My PAL VHS has two audio tracks on it, one is Russian and the other is English. However,as my VHS player is a newer model it will play both languages at once, I have read through many threads on this matter however I do not know the precise type of VHS player required to play the tape.
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try unplugging either the white or red audio jack.--
"a lot of people are better dead" - prisoner KSC2-303
Sounds like both languages are on the same audio track,i haven't heard of any vhs player with selectable audio other than hifi to linear.I think,therefore i am a hamster.
Basically VHS has 3 physical audio tracks, HiFi left, HiFi right (these are recorded with the audio heads on the video drum) and a linear mono track (this is recorded on the top edge of the tape with a stationary audio head). Some VCR's in the early stages of VHS had linear stereo so Linear left and Linear right, I'm not aware of a VCR that has both HiFi and Linear in stereo.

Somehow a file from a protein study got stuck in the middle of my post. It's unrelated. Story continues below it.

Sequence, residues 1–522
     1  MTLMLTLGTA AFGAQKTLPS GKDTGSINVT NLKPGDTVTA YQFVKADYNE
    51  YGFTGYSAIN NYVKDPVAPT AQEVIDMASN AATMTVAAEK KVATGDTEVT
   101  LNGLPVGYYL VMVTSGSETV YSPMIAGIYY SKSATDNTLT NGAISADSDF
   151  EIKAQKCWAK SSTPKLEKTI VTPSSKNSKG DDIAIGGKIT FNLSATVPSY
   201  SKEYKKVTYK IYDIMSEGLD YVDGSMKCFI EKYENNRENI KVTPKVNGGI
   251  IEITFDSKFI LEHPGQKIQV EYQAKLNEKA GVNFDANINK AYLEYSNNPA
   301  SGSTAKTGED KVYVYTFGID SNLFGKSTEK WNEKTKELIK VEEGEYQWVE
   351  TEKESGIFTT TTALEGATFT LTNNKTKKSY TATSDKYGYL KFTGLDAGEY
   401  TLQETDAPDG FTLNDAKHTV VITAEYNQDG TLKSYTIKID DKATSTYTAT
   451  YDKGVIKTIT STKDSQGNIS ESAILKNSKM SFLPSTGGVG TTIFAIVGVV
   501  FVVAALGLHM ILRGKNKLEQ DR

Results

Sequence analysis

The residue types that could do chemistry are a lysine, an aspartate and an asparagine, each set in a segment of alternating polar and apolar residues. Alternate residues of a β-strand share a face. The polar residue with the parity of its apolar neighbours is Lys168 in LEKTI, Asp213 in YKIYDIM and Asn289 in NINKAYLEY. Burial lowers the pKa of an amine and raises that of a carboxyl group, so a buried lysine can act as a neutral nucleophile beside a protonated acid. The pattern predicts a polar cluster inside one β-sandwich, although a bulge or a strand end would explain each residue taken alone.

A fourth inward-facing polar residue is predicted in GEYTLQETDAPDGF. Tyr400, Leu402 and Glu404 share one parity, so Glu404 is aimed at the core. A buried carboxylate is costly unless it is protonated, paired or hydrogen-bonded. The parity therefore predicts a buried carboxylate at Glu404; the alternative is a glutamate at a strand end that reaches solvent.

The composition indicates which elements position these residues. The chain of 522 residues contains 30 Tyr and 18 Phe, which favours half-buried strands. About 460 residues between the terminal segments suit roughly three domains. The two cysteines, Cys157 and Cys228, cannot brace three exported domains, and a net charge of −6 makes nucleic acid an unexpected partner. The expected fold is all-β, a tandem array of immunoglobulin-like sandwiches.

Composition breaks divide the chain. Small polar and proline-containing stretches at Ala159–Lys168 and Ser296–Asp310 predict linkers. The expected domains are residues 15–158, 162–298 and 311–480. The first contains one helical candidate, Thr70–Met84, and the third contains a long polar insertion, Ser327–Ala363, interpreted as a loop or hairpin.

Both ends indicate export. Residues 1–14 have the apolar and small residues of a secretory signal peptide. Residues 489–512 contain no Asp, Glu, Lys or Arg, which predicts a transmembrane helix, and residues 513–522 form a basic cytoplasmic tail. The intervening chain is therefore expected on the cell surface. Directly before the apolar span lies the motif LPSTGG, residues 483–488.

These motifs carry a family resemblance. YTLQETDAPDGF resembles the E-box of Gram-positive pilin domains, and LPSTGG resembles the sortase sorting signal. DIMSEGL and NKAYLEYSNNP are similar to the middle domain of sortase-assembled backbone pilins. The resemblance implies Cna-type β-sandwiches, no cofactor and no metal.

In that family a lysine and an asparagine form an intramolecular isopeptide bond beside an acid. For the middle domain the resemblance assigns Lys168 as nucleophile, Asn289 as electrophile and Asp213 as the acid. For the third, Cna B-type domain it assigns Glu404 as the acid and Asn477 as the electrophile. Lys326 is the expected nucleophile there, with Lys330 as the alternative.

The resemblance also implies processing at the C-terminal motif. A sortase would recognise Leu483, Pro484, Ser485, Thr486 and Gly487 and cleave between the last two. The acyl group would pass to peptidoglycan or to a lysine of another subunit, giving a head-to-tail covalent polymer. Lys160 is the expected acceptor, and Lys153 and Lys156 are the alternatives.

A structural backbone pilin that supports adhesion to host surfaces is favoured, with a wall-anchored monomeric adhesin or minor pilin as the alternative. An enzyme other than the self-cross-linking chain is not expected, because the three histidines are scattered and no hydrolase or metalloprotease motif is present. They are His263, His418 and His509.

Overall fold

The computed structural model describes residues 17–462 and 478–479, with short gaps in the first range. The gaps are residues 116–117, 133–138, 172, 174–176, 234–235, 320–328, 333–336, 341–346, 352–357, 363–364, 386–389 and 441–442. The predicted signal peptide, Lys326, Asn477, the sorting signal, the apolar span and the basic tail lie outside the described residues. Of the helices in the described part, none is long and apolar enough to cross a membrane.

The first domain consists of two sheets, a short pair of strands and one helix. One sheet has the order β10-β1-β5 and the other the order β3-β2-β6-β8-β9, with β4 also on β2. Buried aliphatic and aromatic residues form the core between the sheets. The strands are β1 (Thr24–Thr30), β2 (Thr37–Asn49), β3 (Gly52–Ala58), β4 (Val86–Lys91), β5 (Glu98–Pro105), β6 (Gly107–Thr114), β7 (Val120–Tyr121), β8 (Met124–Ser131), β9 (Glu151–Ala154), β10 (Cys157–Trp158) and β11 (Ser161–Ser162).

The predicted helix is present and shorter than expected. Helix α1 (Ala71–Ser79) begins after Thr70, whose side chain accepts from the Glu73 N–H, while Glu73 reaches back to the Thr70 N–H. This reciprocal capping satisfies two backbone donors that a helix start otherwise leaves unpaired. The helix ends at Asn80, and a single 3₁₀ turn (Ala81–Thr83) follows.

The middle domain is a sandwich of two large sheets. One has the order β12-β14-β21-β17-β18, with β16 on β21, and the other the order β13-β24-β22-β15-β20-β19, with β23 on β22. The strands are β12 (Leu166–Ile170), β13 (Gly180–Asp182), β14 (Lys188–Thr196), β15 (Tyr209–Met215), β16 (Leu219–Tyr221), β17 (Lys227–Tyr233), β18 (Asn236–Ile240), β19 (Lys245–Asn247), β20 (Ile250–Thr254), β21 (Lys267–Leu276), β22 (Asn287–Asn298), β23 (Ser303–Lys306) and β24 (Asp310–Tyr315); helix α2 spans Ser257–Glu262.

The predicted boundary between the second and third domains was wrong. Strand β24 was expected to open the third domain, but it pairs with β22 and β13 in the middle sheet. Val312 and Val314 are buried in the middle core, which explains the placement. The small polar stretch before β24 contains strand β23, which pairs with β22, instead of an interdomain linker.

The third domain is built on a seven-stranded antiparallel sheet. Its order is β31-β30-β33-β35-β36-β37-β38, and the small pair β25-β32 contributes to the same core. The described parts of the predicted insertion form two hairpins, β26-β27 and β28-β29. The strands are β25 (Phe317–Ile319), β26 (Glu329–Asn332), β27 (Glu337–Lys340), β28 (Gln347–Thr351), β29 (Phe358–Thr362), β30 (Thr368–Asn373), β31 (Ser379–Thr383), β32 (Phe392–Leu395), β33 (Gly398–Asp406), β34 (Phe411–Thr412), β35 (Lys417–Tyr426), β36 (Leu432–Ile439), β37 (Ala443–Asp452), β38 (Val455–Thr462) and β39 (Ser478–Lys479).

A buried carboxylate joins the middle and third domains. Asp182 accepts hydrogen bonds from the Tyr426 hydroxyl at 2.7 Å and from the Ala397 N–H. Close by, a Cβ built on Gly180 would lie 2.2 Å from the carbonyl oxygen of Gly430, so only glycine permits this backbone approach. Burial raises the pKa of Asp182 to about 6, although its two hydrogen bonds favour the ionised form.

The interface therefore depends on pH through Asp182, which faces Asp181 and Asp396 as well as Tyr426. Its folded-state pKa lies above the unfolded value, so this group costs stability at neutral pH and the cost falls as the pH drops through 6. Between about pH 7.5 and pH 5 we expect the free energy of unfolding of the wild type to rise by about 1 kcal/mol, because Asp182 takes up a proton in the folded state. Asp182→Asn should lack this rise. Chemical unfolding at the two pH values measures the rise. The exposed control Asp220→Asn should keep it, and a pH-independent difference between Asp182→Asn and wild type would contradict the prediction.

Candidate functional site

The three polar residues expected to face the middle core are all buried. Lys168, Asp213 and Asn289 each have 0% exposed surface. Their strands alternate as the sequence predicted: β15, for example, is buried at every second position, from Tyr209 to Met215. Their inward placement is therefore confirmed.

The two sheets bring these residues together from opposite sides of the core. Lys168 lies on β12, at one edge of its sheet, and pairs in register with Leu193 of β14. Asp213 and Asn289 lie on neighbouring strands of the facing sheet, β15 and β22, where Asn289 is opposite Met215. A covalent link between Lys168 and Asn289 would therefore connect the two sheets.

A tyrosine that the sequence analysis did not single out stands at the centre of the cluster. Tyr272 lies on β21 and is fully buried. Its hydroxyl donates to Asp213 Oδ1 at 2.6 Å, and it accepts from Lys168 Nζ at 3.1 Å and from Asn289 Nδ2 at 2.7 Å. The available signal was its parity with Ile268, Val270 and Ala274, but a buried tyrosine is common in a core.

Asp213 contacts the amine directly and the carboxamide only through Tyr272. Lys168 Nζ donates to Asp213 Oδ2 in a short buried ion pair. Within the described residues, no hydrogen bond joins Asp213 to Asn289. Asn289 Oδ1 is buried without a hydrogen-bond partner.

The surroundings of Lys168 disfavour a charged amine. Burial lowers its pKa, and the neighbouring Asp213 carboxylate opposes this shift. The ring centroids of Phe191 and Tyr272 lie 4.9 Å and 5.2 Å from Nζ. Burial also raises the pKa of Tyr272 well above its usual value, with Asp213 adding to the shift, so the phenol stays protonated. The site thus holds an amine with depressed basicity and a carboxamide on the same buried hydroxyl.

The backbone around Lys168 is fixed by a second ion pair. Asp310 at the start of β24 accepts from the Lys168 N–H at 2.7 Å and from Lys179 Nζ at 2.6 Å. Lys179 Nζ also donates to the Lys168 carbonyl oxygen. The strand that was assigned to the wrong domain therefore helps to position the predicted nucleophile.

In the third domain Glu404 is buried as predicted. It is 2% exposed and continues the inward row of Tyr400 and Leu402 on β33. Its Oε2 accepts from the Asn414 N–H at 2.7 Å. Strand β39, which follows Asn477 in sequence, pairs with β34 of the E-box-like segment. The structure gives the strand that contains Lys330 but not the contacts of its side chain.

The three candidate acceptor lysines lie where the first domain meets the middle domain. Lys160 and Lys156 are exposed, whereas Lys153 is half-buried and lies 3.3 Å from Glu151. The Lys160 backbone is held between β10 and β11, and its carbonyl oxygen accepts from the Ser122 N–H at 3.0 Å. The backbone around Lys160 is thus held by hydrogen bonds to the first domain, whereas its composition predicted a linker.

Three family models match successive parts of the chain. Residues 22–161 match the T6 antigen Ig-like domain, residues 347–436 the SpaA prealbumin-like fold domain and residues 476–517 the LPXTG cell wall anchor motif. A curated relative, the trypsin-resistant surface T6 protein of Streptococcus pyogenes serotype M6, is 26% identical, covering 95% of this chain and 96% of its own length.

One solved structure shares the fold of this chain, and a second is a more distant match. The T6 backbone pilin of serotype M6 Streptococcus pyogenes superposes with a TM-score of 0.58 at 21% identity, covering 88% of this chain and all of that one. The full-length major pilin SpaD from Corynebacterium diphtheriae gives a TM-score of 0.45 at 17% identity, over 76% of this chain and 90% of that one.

Without knowing the model number of your VCR no one can help you, But most VCR's should have the option to listen to each track individually. If your VCR allows you to only select between the HiFi and linear do the cable unplug trick mentioned above.
Last edited by dellsam34; 24th Nov 2019 at 13:40.
Most likely is what johns0 stated, a Russian voiceover on the original soundtrack. Even on VCDs which allowed two separate tracks (Cantonese on one track, Mandarin on the other was common on Chinese discs), those with Russian voiceover were on both tracks. No English on one track, Russian o the other.
If it's a linear stereo track, a linear stereo VCR (rare) is needed as both tracks are read at once by a mono playback head and is mixed as mono on both the left and right outputs.
True, I've seen movies with a voice over mainly used in the eastern Europe, mostly Russia and the parts of the former soviet union territory.
One thing that no one has picked up upon is that Russia was not a PAL country.
I assume that this tape is not an original so has been copied from a SECAM variant. Even if the original had two selectable tracks, which also doubt since most video is over-dubbed, this copy is even less likely to have them.